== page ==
Joseph Kinnebrew’s paintings invite us – just about taunt us – into an interpretive mindset. But pulling apart Kinnebrew’s elaborate concatenations of things and spaces proves strangely unsatisfying: we wind up not with answers, but with all the parts, the flowers, the clouds, the monkeys, the nudes, the checkerboards, the bodies of water, just lying around unconcatenated. We find ourselves relying on conventional translations, would-be psychologists trying to unravel dreams that either resist our tinkering or come apart in our hands. To seek meaning in these pictures is to meddle in them.
Kinnebrew’s canvases, if anything, urge us to admire dreams simply as dreams, and by inference, life as life. Various components of these images may signify various things to various viewers – and various things to Kinnebrew – but what drives Kinnebrew’s work is not what they mean, but how they fall together, how the components conflate incongruously and establish a new reality out of that very incongruity. Sense results from sensation, not from any syntax of symbols.
Dreams themselves work like that. They may point at clues to the dreamer’s inner (or outer) life, but they do not betray that life. Indeed, they may obscure it with poetic occlusion. Like our DNA, the bulk of which is random, functionless, and thus “meaningless,” our dreams by and large result from our minds simply shooting off sparks in response to our waking stimuli, our memories, our impressions. You could say that Kinnebrew’s art is a kind of impressionism, but an impressionism of the mind, not the eye.
Of course, the modernist mode most applicable to Kinnebrew’s pictorial art is surrealism. His visual language is classically surrealist, and his embrace of the visual non sequitur recapitulates the approach of a host of painters, from Salvador Dalí and René Magritte to Pierre Roy and Félix Labisse. What is new here under the sun – or moon – is not the method, but the madness. These are Kinnebrew’s obsessions, not Dalí’s or Labisse’s.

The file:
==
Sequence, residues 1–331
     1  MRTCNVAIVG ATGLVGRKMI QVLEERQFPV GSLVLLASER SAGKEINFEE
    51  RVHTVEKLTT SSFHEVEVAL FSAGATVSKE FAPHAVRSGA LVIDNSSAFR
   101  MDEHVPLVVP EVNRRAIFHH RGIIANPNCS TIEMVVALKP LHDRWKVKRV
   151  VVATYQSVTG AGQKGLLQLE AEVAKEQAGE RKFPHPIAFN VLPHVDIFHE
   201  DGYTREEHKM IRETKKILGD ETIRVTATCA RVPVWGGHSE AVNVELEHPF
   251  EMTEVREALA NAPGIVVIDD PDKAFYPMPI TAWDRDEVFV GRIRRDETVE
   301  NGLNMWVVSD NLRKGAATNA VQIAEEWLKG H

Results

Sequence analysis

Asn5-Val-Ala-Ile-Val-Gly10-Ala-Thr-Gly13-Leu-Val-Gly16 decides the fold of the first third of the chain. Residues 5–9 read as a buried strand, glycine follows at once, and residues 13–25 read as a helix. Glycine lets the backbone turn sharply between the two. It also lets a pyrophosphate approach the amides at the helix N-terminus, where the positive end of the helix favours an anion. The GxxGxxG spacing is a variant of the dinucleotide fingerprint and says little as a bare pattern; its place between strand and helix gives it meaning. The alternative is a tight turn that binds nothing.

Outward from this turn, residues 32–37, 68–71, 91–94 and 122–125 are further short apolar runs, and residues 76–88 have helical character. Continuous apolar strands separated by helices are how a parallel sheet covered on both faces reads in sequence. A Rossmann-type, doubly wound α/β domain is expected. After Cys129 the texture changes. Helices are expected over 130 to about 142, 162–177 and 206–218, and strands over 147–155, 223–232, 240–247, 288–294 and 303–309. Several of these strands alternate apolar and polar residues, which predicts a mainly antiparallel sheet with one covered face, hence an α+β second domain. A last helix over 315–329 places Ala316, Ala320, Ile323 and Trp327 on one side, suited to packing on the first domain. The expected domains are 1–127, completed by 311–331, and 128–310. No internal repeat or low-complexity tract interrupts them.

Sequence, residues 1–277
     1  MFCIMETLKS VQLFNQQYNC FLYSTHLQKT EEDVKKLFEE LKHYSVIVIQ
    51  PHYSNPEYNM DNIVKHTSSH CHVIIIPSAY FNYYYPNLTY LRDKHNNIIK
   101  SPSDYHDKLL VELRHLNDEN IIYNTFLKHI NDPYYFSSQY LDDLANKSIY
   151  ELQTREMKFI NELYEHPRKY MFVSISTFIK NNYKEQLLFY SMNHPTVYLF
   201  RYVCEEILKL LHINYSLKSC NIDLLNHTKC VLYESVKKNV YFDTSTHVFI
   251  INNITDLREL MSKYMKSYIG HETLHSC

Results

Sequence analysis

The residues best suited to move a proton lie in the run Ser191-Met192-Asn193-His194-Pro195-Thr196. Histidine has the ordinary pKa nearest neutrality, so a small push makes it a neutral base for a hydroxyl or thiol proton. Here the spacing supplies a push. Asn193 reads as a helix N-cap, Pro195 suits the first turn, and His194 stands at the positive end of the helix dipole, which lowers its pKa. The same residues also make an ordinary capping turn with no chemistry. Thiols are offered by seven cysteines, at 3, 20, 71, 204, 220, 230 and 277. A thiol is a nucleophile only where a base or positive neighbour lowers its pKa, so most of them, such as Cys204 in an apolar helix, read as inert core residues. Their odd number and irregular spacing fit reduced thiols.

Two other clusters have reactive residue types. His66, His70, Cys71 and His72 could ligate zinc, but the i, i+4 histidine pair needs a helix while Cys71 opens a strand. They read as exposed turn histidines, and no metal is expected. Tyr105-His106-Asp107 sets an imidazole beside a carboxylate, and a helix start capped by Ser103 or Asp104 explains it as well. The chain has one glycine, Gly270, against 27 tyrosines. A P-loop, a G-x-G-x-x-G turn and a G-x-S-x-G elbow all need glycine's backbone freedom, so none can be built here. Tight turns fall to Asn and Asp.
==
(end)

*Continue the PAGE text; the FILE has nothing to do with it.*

Kinnebrew’s dreamscapes can be described as people and things in places, that is, arrangements of figures in deeply recessional grounds. The spaces are dramatic, often more so than the objects and creatures that occupy them. Nowadays one regards such amalgamations with suspicion, assuming them to have been knocked together in Photoshop or some other digital means of reassembling visual information. If Kinnebrew relies on the computer to compose his visions, he doesn’t show the seams when he paints them. Although things can seem to be allotted positions arbitrarily, the way in which they occupy those positions seems comfortable – decorous, ornate, almost exaggeratedly classical, but settled and self-possessed, almost logical in the face of it.
Kinnebrew’s pictorial language is as fractured as the era that has birthed them. They defy coherency, just as the modern – and, yes, the post-modern – era does. But since they mirror our world and reflect back at us our sense of the border between inner and outer reality, they make their own sense to us. We don’t need to interpret Joseph Kinnebrew’s paintings; we already understand them.
Peter Frank Los Angeles March 2010
Peter Frank writing about Joseph Kinnebrew (2010)
Peter Frank is art critic for the Huffington Post and Senior Curator at the Riverside [CA] Art Museum. He has previously served as art critic for the LA Weekly, Angeleno magazine, the Village Voice, and the SoHo Weekly News; has edited THEmagazine Los Angeles and Visions art quarterly; and has curated exhibitions at the Guggenheim Museum, Madrid's Museo Reina Sofia, and other venues around the world.